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segunda-feira, julho 03, 2006

Carcinoma Inflamatório da mama

Excepção feita aos profissionais de saúde, pouco se sabe sobre este cancro da mama tão grave.

O carcinoma inflamatório da mama constitui menos de 5% das ocorrências, e são as que apresentam pior prognóstico, requerendo sempre terapia agressiva, especialmente quimioterapia.

A maioria das pacientes com carcinoma inflamatório de mama, tratadas somente com terapias locais, morreu 18 a 24 meses depois do diagnóstico.O uso do tratamento combinado, com quimioterapia, cirurgia e radioterapia, melhorou as taxas de período livre de doença e de sobrevida total, nos casos de carcinoma inflamatório. Aproximadamente 35% a 55% das pacientes tratadas com os regimes combinados permanecem livres de doenças e estão vivas cinco anos após tratamento.

A sua similitude com as mastites pode atrasar o diagnóstico, diminuindo assim as hipóteses de sobrevivência.

Resumo dos sintomas:

Mama vermelha e quente
Inchaço, tumefacção
Pele “casca de laranja”
Alteração do tamanho e formato da mama
Mamilo “invertido” ou purgando
Gânglios inchados

As pesquisas efectuadas para encontrar textos em português sobre o tema foram infrutíferas. Fez-se aqui um brevíssimo resumo e remete-se para um texto em inglês e um video que poderão ver no lado direito do ecran. Assim que houver mais informação sobre esta forma de cancro, será publicada aqui.

“What is Inflammatory Breast Cancer?

Inflammatory breast cancer is an uncommon form of rapidly advancing breast cancer that usually accounts for approximately 1% to 3% of all breast cancer diagnoses. Inflammatory breast cancer is a form of invasive breast cancer that progresses quickly and should be differentiated by physicians from other forms of advanced breast cancer with similar characteristics. Inflammatory breast cancer causes the breast to appear swollen and inflamed. This appearance is often caused when cancer cells block the lymphatic vessels in the skin of the breast, preventing the normal flow of lymph fluid and leading to reddened, swollen and infect-looking breast skin—hence the designation "inflammatory" breast cancer. Inflammatory breast cancer is not caused by infection or inflammation as was once believed.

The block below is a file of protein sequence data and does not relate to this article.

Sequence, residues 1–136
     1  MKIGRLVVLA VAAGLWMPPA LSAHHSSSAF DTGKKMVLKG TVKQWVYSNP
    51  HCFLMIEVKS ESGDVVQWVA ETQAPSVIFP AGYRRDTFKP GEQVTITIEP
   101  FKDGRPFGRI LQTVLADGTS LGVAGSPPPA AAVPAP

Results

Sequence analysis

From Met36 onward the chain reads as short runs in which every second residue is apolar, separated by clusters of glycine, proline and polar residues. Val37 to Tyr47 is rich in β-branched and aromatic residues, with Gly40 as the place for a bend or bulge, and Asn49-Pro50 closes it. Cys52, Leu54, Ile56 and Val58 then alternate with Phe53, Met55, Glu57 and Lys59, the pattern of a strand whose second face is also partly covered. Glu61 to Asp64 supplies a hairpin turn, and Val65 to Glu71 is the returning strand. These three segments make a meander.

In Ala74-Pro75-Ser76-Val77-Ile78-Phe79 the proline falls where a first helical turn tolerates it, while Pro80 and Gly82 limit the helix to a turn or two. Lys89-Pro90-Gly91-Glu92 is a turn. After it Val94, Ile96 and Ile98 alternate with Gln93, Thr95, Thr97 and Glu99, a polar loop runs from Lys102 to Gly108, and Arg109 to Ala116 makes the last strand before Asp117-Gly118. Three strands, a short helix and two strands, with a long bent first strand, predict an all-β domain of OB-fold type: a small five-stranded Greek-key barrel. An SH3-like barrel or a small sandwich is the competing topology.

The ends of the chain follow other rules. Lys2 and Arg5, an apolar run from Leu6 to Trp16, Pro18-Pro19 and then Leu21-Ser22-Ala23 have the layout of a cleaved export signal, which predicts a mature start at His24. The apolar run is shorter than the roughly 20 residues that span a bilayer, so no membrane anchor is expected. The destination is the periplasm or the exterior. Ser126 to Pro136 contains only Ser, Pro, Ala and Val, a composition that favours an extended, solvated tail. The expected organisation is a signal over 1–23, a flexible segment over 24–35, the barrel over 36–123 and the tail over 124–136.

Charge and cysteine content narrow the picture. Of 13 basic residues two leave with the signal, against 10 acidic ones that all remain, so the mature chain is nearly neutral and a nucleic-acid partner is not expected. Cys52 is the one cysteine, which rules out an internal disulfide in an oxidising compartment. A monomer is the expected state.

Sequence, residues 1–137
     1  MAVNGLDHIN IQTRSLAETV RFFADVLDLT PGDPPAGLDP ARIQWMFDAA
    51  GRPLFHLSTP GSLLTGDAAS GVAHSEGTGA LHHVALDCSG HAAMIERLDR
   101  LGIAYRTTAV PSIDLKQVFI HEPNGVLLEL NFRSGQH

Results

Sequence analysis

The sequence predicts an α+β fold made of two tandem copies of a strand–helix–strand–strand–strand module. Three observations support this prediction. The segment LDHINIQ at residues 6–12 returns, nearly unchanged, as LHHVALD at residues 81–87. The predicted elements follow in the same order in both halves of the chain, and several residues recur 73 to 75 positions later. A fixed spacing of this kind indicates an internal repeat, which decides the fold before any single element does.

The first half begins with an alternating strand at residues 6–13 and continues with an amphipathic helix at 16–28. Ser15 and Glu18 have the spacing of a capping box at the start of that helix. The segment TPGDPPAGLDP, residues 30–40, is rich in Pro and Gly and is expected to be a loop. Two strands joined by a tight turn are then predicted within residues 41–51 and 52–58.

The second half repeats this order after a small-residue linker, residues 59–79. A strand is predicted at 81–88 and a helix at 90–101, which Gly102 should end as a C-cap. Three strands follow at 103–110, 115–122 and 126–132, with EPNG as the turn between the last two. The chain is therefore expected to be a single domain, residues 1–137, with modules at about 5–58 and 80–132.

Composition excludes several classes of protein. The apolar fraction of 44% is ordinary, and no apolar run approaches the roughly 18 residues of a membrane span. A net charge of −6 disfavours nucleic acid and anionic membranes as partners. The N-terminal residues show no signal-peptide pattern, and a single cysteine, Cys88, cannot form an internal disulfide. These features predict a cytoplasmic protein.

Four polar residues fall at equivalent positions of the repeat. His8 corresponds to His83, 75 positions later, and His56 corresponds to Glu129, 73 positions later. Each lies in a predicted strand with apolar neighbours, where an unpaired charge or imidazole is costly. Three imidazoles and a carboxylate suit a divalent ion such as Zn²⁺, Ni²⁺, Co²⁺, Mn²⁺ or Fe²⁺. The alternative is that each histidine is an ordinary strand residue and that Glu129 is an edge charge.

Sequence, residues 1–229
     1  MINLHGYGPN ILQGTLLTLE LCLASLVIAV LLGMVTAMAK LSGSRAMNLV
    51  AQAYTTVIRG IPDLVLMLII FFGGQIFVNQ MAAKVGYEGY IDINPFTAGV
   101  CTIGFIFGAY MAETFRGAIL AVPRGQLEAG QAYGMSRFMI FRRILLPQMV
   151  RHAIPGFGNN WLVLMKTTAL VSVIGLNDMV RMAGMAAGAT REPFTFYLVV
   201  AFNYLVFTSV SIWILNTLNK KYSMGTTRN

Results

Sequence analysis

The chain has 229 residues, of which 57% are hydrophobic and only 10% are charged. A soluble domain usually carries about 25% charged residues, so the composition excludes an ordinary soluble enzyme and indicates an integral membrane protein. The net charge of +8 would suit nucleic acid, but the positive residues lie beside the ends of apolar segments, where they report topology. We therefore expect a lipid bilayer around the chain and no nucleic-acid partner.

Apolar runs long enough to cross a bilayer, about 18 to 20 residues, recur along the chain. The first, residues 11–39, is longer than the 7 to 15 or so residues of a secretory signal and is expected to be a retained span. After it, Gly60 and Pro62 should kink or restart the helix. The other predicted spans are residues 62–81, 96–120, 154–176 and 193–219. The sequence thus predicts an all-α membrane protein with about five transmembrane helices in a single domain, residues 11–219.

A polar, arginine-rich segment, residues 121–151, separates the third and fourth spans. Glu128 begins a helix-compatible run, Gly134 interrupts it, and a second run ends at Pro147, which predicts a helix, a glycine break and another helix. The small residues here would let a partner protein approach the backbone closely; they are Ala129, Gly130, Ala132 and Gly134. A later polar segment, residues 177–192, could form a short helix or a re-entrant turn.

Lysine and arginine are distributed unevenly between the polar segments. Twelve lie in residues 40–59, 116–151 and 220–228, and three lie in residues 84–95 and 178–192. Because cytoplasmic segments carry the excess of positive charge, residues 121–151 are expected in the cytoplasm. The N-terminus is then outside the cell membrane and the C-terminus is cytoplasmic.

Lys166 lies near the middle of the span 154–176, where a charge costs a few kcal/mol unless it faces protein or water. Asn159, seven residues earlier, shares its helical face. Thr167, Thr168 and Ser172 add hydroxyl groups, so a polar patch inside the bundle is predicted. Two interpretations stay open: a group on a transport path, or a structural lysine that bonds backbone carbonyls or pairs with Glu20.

With inflammatory breast cancer, the breast skin has a thick, pitted appearance that is classically described as peau d’orange (resembling an orange peel). Sometimes the skin develops ridges and small bumps that resemble hives.

How is Inflammatory Breast Cancer Diagnosed?

The symptoms associated with inflammatory breast cancer are usually the first cause of concern. These symptoms may include:

breast redness
swelling
warmth
ridges or pits in the breast skin (a condition referred to as peau d’orange; resembling an orange peel)
a change in the size or shape of the breast
nipple discharge or an inverted (pulled back) nipple
swollen
lymph nodes

Inflammatory breast cancer can sometimes be mistaken by patients and physicians as a breast infection (or mastitis) because its symptoms , and the rapidity with which they appear (sometimes within weeks) resemble those associated with infections. However, while most breast infections will respond to antibiotics, inflammatory breast cancer will not. In fact, symptoms of inflammatory breast cancer do not usually get better or worse as infections do. If symptoms persist more than two or three weeks despite treatment, further testing and a breast biopsy should be performed to determine whether cancer is present.

Inflammatory breast cancer is typically classified as Stage III cancer, unless it has spread to the lymph nodes or other body organs. In these cases, it is classified as Stage IV breast cancer, or advanced breast cancer. Click here for more information on breast cancer stages.

How is Inflammatory Breast Cancer Treated?

Inflammatory breast cancer is an aggressive cancer that can grow and spread quickly. If the inflammatory cancer has not spread beyond the breast, a mastectomy (removal of the entire breast) may be performed to remove the tumor. However, because inflammatory breast cancer involves lymphatic vessels of the skin, mastectomy can increase the chances for the cancer to recur (since the skin is stitched together after mastectomy). Therefore, other treatment options (most commonly, chemotherapy) are usually considered before surgery.

Chemotherapy is treatment with anti-cancer drugs. Chemotherapy is often administered to inflammatory breast cancer patients before local treatment (such as mastectomy or radiation). One common regimen of chemotherapy used to treat inflammatory breast cancer patients is CAF (cyclophosphamide, doxorubicin, and fluorouracil). Researchers are also investigating whether high-dose chemotherapy is effective for treating inflammatory breast cancer. Because high dose chemotherapy causes damage to bone marrow cells, a bone marrow transplant or blood stem cell transplantation may be necessary. After surgery, patients with inflammatory breast cancer are usually treated with additional chemotherapy followed by radiation therapy to the chest wall.

What is the Prognosis for Inflammatory Breast Cancer?

Because inflammatory breast cancer is an advanced cancer, it has been associated with a poor prognosis (expected outcome). Past statistics have shown the average survival rate of inflammatory breast cancer to be approximately 18 months. However, recent studies have shown that advancements in treatment may help to extend the survival time for women with inflammatory breast cancer. Using chemotherapy, surgery (mastectomy), and radiation, the average five-year survival rate is currently 40%. Physicians are hopeful that advances in treatment will continue to improve the prognosis for women diagnosed with inflammatory breast cancer.” - http://imaginis.com/breasthealth/nipple.asp